The Greater Flamingo – A Winters Tale


By Dee Marshall

Flamingos running

The greater flamingo (Phoenicopterus roseus) is an ungainly bird. Its long spindly legs and large curved beak give it a rather ugly appearance, but it has a strange charm. Its pink webbed feet seem oversized for its legs. Indeed the legs look too thin to support the body and its beak looks large and heavy.

Because of their size, flamingos have to run for a few metres in order to take off. It is a strange spectacle to see these large birds running through the shallows, flapping their outstretched wings. During flight, the neck and legs are stretched out in a long line and their beating wings reveal red wing coverts and black primary and secondary flight feathers.

They fly in formation and it is wonderful to watch their elongated shapes overhead. With their large wings beating slowly and regularly, they can maintain speeds of up to 60 kilometres per hour for hundreds of kilometres.

Flamingos often stand on one leg, the other tucked beneath the body. They sleep in this position with their head buried in their wing and when the wind blows they sometimes sway slightly in the breeze -a curious and slightly risky position that seems to defy the impossible!

Their beak is unique. It is angled so that the birds can feed while standing with their heads lowered, scooping up their meals from the water. They feed by slowly walking through the shallow water and moving their head from side to side. In this way, the birds stir up the mud, then suck water through their bills and filter out small shrimp, seeds, blue-green algae, microscopic organisms and molluscs. Their beaks are specially adapted to separate mud and silt from the food they eat. This filtering of food items is assisted by hairy structures, called lamellae, that line the mandibles, and by a large rough-surfaced tongue. The lamellae filter the water, catching the algae and small invertebrates the bird finds in the water or soft mud. The pink or reddish colour of flamingos comes from carotenoid in their diet of blue-green algae. Flamingos whose sole diet is blue-green algae are darker in colour than those who get it second-hand from animals such as the brine shrimp that have already digested the algae.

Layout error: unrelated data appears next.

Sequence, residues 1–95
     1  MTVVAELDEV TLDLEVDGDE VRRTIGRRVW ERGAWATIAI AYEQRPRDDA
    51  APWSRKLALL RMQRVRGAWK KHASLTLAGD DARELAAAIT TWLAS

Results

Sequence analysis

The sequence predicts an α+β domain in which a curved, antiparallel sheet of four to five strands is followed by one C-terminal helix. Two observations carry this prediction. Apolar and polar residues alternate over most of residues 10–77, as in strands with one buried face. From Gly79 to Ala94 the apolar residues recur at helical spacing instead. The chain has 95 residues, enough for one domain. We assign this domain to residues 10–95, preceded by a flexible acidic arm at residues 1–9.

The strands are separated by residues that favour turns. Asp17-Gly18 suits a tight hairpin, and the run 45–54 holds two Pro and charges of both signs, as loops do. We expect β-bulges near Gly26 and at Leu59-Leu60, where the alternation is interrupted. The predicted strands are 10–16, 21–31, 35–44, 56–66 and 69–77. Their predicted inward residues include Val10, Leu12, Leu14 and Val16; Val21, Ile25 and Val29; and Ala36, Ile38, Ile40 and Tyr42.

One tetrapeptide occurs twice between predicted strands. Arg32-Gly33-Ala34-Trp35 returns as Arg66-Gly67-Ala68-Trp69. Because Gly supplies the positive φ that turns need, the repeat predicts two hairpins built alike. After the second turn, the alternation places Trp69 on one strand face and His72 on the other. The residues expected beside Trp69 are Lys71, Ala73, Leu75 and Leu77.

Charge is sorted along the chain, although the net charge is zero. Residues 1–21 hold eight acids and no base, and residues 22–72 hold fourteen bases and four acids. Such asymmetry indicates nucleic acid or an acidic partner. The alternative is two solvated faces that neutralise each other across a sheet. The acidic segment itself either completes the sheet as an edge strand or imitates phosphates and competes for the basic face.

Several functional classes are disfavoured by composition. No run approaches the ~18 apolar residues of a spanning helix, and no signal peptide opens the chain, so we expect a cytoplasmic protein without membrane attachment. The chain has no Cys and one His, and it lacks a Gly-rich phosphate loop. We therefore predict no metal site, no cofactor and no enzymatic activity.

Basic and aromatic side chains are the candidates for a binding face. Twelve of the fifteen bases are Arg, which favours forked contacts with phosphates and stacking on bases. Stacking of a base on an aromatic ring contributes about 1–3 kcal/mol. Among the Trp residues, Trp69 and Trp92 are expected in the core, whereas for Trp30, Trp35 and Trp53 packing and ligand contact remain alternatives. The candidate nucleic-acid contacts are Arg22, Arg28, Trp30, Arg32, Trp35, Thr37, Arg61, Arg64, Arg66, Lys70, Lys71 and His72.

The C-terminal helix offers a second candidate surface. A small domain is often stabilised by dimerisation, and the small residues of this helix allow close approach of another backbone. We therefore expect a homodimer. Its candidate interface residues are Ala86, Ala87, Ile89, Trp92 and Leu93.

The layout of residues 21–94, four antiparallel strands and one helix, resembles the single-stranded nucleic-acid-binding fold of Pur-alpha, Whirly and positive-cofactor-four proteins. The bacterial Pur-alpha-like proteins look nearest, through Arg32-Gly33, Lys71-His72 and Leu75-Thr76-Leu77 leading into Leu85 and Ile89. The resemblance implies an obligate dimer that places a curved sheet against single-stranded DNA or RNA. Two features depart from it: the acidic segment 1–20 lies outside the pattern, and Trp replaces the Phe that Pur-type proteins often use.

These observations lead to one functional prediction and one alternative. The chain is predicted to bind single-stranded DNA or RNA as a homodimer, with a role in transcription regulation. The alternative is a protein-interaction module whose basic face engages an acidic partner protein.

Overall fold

Flamingos are very social birds living in colonies that can number many thousands. The greater flamingo is found on mudflats and in shallow coastal lagoons in parts of Africa, southern Asia and southern Europe.

In France, these birds are found in the Camargue, a wetland area in the south bordering the Mediterranean. With its network of saltwater and freshwater lakes and marshes the area attracts a great variety of birds. Situated on the migration route of birds between north Europe and Africa, it provides an important resting place – a major migratory stopover for ducks and other water birds. Over 150,000 birds transit here each year.


It became a ;Parc Naturel Regional’ in 1970. Nature conservation and the development of human activities are high on the agenda and the park aims to help natural, cultural and human activities to coexist. It has an exceptional biodiversity and is home to a great variety of flora and fauna. Preserving the quality of the water, the biodiversity and the human activities in the area is of primary concern.

The Camargue is therefore an area where water management is extremely important. It is on the edge of the Mediterranean, just in the Rhone Delta, between the two arms of the river. To the west, the Petit Rhone flows into the sea at Saintes-Maries-de-la-Mer. To the east, the perimeter of the park stretches past the natural border of the river and encompasses the natural areas on its left bank that have a high environmental value.